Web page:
April 6, 2013 -- Val Crosby has been unable to kiss her husband for a year. A degenerative disease has rotted her teeth down to the gums, and they cannot afford dental care in their isolated pocket of Tennessee.
The 43-year-old holds down two part-time jobs, as a chamber maid at a seasonal bed and breakfast and as a waitress, and her husband, Jonathan, is a self-employed carpenter. Neither has health insurance.
"For the last couple of years, business has been hard, very hard," Crosby, who lives in Butler, told ABCNews.com.
But last year, she finally reached out for help from Remote Area Medical, or RAM, a pop-up medical clinic that offers free dental, medical and eye exams to those who don't have available health care.
Now, her story is told in a new documentary that has its world premiere this weekend as an official selection at the 2013 Full Frame Documentary Film Festival in Durham, N.C. It will also screen at the International Film Festival Boston and the Nashville Film Festival in April.
In April 2012, directors Jeff Reichert and Farihah Zaman filmed RAM's operation at the massive NASCAR speedway in Bristol, Tenn., the heart of Appalachia and the birthplace of country music, where medical volunteers served 2,000 Americans in three days.
"People consider themselves lucky to live in this place," said Reichert. "But one of the other issues underlying their medical problems is not just that they are poor and uninsured, but they are 200 miles from the nearest doctor."
Rhonda Begley, a lifelong smoker who had never seen a doctor, had a chest X-ray that revealed a suspicious spot on her lung. Glenn Epps is legally blind and hoped to find new technologies to help him regain the eyesight he lost while in an overoxygenated incubator as an infant. Doctors couldn't help him, but he walked away with a new set of dentures.
Johnny Peters has had all his top teeth removed, but because RAM could not offer prescriptions for painkillers, he had to resort to street drugs to ease his discomfort.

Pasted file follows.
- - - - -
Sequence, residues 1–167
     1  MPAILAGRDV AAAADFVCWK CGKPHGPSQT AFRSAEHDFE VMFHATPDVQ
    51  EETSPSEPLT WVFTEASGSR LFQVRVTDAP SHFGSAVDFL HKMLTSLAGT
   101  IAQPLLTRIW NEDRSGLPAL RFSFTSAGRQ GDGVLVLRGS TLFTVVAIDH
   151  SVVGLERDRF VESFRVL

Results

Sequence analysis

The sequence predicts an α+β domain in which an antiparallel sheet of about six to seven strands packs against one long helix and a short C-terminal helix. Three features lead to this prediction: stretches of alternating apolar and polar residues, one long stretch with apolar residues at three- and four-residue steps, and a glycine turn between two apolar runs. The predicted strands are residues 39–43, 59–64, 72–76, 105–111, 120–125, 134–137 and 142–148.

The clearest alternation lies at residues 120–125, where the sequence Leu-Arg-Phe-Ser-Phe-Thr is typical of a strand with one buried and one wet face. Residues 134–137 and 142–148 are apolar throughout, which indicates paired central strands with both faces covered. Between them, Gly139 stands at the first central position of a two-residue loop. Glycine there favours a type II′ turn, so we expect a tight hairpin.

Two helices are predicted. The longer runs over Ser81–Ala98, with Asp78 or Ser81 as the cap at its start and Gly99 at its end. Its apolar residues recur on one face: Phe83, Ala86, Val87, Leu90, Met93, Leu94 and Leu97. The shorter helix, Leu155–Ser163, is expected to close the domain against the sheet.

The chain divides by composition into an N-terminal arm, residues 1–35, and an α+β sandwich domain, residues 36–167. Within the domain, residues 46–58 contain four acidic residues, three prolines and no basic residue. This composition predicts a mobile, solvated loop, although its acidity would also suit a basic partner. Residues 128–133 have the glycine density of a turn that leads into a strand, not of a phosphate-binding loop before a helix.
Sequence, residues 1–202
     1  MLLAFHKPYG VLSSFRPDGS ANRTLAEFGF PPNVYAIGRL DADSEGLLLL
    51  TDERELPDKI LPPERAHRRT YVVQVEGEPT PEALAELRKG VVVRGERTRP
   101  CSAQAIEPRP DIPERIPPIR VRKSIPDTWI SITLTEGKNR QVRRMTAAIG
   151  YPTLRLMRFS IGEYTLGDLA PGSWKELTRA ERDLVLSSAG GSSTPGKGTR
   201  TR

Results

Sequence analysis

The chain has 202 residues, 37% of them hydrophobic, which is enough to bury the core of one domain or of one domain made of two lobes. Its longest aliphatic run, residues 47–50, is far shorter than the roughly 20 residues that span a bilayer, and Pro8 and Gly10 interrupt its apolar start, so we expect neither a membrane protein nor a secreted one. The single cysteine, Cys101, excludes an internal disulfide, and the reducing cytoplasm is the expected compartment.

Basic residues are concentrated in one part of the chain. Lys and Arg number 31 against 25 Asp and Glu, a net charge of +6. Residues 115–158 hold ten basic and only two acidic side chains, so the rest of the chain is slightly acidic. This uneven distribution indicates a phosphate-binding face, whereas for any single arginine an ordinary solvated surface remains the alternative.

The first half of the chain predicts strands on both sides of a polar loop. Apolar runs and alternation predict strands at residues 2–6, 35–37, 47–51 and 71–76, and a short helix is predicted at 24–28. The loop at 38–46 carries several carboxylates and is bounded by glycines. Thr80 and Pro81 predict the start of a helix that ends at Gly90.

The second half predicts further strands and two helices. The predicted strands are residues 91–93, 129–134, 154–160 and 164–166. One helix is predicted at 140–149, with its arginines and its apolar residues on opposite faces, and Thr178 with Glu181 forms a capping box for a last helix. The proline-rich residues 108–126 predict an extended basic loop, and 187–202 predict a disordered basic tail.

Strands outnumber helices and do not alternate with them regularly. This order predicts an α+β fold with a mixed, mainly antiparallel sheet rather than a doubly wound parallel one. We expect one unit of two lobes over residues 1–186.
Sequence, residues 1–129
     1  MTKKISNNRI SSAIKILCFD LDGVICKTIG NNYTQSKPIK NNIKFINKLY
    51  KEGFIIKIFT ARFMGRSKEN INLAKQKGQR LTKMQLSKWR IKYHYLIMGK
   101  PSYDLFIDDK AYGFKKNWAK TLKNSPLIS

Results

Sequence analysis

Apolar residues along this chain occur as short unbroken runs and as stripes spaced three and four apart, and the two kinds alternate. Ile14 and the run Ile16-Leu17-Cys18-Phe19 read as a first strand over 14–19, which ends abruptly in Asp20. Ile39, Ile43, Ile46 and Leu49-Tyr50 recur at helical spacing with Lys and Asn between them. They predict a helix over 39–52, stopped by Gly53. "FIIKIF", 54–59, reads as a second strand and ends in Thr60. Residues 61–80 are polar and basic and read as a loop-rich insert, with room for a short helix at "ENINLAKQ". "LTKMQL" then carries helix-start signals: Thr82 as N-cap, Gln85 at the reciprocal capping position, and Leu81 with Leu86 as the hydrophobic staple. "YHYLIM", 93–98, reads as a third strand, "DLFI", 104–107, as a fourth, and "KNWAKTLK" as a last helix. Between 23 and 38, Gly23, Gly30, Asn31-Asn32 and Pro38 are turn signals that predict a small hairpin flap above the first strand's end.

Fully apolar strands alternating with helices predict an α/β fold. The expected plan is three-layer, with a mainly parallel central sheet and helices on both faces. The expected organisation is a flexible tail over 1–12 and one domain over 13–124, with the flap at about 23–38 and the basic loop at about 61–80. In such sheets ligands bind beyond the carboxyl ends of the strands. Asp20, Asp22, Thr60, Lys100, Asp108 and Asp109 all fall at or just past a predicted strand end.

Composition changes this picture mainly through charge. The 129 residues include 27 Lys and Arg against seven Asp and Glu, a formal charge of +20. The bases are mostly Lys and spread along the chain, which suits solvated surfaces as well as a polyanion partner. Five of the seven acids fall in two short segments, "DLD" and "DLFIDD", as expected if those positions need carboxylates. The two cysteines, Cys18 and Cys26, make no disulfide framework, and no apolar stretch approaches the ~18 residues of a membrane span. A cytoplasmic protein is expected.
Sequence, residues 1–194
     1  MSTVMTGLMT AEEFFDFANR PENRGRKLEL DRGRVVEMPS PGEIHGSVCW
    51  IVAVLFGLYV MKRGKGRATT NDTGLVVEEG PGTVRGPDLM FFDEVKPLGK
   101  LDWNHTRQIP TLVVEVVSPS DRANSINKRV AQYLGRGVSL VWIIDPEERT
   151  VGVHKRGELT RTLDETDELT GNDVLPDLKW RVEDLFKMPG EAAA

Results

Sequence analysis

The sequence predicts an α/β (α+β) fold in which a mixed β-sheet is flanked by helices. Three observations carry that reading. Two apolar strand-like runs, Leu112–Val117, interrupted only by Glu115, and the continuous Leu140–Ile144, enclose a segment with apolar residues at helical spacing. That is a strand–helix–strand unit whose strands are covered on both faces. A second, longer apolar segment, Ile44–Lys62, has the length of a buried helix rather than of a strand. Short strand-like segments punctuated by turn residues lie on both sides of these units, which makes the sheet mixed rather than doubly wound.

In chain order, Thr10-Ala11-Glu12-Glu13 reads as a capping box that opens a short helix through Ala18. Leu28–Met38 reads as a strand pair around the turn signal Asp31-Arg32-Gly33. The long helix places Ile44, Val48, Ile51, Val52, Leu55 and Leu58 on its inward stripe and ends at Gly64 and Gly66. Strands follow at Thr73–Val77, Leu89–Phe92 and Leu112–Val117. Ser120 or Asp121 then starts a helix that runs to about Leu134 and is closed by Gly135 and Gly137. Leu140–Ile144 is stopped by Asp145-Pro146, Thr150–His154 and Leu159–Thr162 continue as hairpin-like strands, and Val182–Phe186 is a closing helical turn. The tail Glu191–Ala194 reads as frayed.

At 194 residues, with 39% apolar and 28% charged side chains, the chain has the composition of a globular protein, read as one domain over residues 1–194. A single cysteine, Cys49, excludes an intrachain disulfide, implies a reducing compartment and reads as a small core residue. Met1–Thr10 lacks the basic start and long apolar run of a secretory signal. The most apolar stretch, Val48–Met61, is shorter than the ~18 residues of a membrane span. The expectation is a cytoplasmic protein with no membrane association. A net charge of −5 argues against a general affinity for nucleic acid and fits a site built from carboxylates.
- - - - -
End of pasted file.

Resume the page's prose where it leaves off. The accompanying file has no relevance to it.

Crosby had no nerves in her teeth, and they shattered easily, a condition she inherited from her mother. She had hoped to have all her teeth pulled and receive dentures. But because of the demand for care that day, she could have only the five teeth with festering abscesses removed.
But Crosby said it was "very, very hard" asking for charity. "Pride is a thing that comes into it," she said. "We don't ask people for help. I grew up on a dairy farm, and that's how we were raised."
Remote Area Medical was founded by cowboy and pilot Stan Brock -- a onetime star of television's "Wild Kingdom" -- who spent 15 years helping indigenous peoples in the Amazon rain forest, but soon discovered there were just as many people in need in the United States.
Today it offers 246 pop-up medical clinics for the nation's 50 million uninsured.
This is only the second film for Reichert, 34, whose first, "Gerrymandering," premiered at the 2010 Tribeca Film Festival; it was the first for Zaman, 29.
A freelance journalist, Zaman previously worked as acquisitions manager at the independent film distribution company Magnolia Pictures and is in production on a new documentary to be released in 2014.
In 2011, the directors joined Reichert's aunt, a retired nurse, and volunteered at a RAM clinic in Pikesville, Ky., sitting at the registration table. The numbers were "staggering," and the "kindness" of volunteers brought them to tears.
"We'd ask simple questions about their prescription medication, and as we got the details of their personal medical history, we'd get their life stories – the drugs they were taking and the diseases and problems they'd had," he said. "We were stunned."
Even dental problems like Crosby's had a huge impact on their lives.
"It's an emotional issue for people -- your health is your life," said Zaman. I have no teeth and have no confidence. I can provide for my family if I feel good about myself."
The joy of volunteers also inspired the directors.
Thom Dandrige, with his wife, Judy, runs RAM's optical lab, which operates out of a retro-fitted Mac track once used for transporting NASCAR vehicles.
For more than a decade, Dr. Joseph Smiddy, a Tennessee pulmonologist, has been driving and operating a truck outfitted with high-tech X-ray equipment to various RAM events.
Patients waiting in long lines were frustrated at times, but grateful.
"The emotions were like a county fair, with people tailgating and making the most of the situation," said Zaman. "There was so much warmth there."
Reichert added, "Doctors can be like doom and gloom, but here they were part of the solution -- it wasn't perfect, but they made a difference in peoples' lives."
Val Crosby said the dental care she received was more than just cosmetic -- she'd worried that the infections in her mouth could lead to stress on her heart.
But more than that, the dental care helped lift a depression that had cast a long shadow over her life.
"I hope our politicians see the need for some kind of universal health care that includes dental, vision and medical, and caters to everybody, not just people who have money, but people who are struggling," said Crosby. "In a year or two, we might be high up on the hog. But right now, it's a struggle for us."